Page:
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Effectiveness of interventions for dementia in low- and middle-income countries: protocol for a systematic review, pairwise and network meta-analysis
  1. Maximilian Salcher-Konrad1,
  2. Huseyin Naci2,
  3. David McDaid1,
  4. Suvarna Alladi3,
  5. Deborah Oliveira4,5,
  6. Andra Fry6,
  7. Shereen Hussein7,
  8. Martin Knapp1,
  9. Christine Wayua Musyimi8,
  10. David Musyimi Ndetei8,9,
  11. Mariana Lopez-Ortega10,
  12. Adelina Comas-Herrera1
  1. 1 Personal Social Services Research Unit (PSSRU), London School of Economics and Political Science, London, UK
  2. 2 Department of Health Policy, London School of Economics and Political Science, London, UK
  3. 3 NIMHANS, Bangalore, India
  4. 4 Federal University of Sao Paulo (UNIFESP), Sao Paulo, Brazil
  5. 5 University of Nottingham Institute of Mental Health, Nottingham, UK
  6. 6 Library, London School of Economics and Political Science, London, UK
  7. 7 Personal Social Services Research Unit (PSSRU), University of Kent, Canterbury, UK
  8. 8 Africa Mental Health Foundation, Nairobi, Kenya
  9. 9 University of Nairobi, Nairobi, Kenya
  10. 10 National Institute of Geriatrics, National Institutes of Health, Mexico City, Mexico
  1. Correspondence to Maximilian Salcher-Konrad; m.salcher{at}


Introduction There are more people living with dementia in low- and middle-income countries (LMICs) than in high-income countries. Evidence-based interventions to improve the lives of people living with dementia and their carers are needed, but a systematic mapping of methodologically robust studies in LMICs and synthesis of the effectiveness of dementia interventions in these settings is missing.

Methods and analysis A systematic review and meta-analysis will be conducted to answer the question: Which dementia interventions were shown to be effective in LMICs and how do they compare to each other? Electronic database searches (MEDLINE, EMBASE, PsycINFO, CINAHL Plus, Global Health, WHO Global Index Medicus, Virtual Health Library, Cochrane CENTRAL, Social Care Online, BASE, MODEM Toolkit, Cochrane Database of Systematic Reviews) will be complemented by hand searching of reference lists and local knowledge of existing studies from an international network of researchers in dementia from LMICs. Studies will be eligible for inclusion if they were published between 2008 and 2018, conducted in LMICs and evaluated the effectiveness of a dementia intervention using a study design that supports causal inference of the treatment effect. We will include both randomised and non-randomised studies due to an anticipated low number of well-conducted randomised trials in LMICs and potentially greater external validity of non-randomised studies conducted in routine care settings. In addition to narrative synthesis of the interventions, feasibility of pairwise and network meta-analyses will be explored to obtain pooled effects of relative treatment effects.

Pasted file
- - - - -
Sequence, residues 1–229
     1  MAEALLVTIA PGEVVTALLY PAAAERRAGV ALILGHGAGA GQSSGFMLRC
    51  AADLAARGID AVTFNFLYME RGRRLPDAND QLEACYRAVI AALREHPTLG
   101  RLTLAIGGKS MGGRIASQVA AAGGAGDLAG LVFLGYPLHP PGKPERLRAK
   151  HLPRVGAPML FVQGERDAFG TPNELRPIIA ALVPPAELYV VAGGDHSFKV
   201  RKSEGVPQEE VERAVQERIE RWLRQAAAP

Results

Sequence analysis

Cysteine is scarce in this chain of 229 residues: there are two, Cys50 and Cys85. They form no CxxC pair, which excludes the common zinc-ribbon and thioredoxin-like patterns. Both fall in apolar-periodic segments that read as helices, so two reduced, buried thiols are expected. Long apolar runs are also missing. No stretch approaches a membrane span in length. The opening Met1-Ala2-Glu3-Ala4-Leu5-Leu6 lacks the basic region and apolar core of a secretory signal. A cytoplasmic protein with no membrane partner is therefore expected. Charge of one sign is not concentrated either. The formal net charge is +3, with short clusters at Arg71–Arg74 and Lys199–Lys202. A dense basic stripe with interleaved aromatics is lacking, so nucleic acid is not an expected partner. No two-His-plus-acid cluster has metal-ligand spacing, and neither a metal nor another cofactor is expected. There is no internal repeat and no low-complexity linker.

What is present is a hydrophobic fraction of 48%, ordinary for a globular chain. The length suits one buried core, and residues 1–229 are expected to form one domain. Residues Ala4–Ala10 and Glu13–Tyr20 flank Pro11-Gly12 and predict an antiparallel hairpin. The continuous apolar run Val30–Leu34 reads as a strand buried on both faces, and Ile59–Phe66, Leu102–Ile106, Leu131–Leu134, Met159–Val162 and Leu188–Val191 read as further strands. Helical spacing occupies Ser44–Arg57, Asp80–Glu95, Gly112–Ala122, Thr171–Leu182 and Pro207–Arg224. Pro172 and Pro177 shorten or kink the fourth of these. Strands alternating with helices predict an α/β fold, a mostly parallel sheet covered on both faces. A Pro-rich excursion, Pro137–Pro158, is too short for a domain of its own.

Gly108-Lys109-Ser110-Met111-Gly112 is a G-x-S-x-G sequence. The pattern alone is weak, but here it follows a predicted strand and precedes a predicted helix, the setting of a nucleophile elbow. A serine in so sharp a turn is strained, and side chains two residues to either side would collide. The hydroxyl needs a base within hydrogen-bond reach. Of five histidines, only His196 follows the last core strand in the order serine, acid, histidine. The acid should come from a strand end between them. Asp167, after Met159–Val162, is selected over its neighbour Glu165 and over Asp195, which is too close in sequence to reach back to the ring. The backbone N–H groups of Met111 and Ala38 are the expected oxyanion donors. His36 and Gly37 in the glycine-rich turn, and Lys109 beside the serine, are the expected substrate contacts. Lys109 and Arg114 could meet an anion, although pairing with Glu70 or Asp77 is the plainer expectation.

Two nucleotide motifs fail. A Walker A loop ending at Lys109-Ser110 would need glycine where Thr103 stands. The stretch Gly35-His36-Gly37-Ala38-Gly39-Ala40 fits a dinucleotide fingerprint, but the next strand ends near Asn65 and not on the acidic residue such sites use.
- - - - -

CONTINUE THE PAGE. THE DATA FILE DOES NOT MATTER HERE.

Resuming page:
Ethics and dissemination Secondary analysis of published studies, therefore no ethics approval required. Planned dissemination channels include a peer-reviewed publication as well as a website, DVD and evidence summaries.

Prospero registration number CRD42018106206.

  • dementia
  • low and middle income countries
  • developing countries
  • Alzheimer disease
  • lamics
  • systematic review

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  • Contributors AC-H, DMD, HN and MS-K defined the scope of the review and review question. DMD, HN and MS-K developed inclusion/exclusion criteria. AF consulted on the databases to be searched and search terms used. MS-K drafted the protocol. MS-K, HN, DMD, SA, DO, AF, SH, MK, CM, DN, ML-O and AC-H reviewed the draft protocol along with the search strategy and contributed to a revised version. MS-K acts as the guarantor of the manuscript.

  • Funding This work is conducted as part of the ‘Strengthening responses to dementia in developing countries’ (STRiDE) project, supported by the UK Research and Innovation’s Global Challenges Research Fund (ES/P010938/1). The funder was not involved in the development of this protocol at any stage.

  • Competing interests None declared.

  • Provenance and peer review Not commissioned; externally peer reviewed.

  • Patient consent for publication Not required.

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